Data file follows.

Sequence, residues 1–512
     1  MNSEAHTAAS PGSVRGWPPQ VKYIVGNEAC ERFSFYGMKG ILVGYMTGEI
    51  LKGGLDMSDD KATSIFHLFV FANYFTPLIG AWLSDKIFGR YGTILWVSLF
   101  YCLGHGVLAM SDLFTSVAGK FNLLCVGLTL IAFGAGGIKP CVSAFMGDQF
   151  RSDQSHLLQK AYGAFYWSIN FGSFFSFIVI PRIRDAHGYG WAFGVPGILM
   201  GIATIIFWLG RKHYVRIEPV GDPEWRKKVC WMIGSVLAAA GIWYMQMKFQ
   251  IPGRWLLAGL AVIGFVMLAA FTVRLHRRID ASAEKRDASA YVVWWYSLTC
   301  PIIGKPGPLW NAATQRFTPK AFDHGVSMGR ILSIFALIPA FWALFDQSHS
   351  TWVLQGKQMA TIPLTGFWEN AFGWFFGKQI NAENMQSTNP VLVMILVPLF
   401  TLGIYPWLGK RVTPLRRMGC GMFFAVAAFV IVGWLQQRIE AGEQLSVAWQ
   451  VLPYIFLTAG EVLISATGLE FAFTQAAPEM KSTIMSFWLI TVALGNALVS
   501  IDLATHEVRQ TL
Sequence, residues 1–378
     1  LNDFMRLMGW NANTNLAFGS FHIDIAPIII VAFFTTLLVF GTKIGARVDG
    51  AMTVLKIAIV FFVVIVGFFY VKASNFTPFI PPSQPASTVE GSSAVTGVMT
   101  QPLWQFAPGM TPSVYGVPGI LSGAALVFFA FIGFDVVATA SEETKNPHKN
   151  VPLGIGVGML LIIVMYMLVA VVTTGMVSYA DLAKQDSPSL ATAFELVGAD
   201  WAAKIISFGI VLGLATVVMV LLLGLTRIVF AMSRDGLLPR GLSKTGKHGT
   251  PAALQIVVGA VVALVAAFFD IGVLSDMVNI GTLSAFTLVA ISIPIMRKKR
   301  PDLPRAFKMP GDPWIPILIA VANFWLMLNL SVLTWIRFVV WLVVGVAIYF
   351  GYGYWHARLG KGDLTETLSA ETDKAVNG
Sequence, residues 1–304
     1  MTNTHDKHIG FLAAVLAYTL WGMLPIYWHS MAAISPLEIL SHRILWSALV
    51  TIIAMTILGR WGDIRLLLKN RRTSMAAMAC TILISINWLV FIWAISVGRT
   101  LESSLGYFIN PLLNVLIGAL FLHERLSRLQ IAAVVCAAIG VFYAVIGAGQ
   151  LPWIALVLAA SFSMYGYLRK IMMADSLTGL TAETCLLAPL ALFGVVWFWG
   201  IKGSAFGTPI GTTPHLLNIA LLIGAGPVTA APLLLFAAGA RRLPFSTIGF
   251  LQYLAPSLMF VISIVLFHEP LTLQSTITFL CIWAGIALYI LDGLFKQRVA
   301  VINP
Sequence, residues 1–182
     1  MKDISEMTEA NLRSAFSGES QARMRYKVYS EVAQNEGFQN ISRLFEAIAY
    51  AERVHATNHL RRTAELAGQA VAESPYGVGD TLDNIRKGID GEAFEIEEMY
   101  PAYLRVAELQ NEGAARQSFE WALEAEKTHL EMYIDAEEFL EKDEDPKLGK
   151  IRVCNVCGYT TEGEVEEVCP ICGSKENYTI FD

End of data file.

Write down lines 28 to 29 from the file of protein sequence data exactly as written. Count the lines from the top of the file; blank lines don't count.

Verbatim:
   251  LQYLAPSLMF VISIVLFHEP LTLQSTITFL CIWAGIALYI LDGLFKQRVA
   301  VINP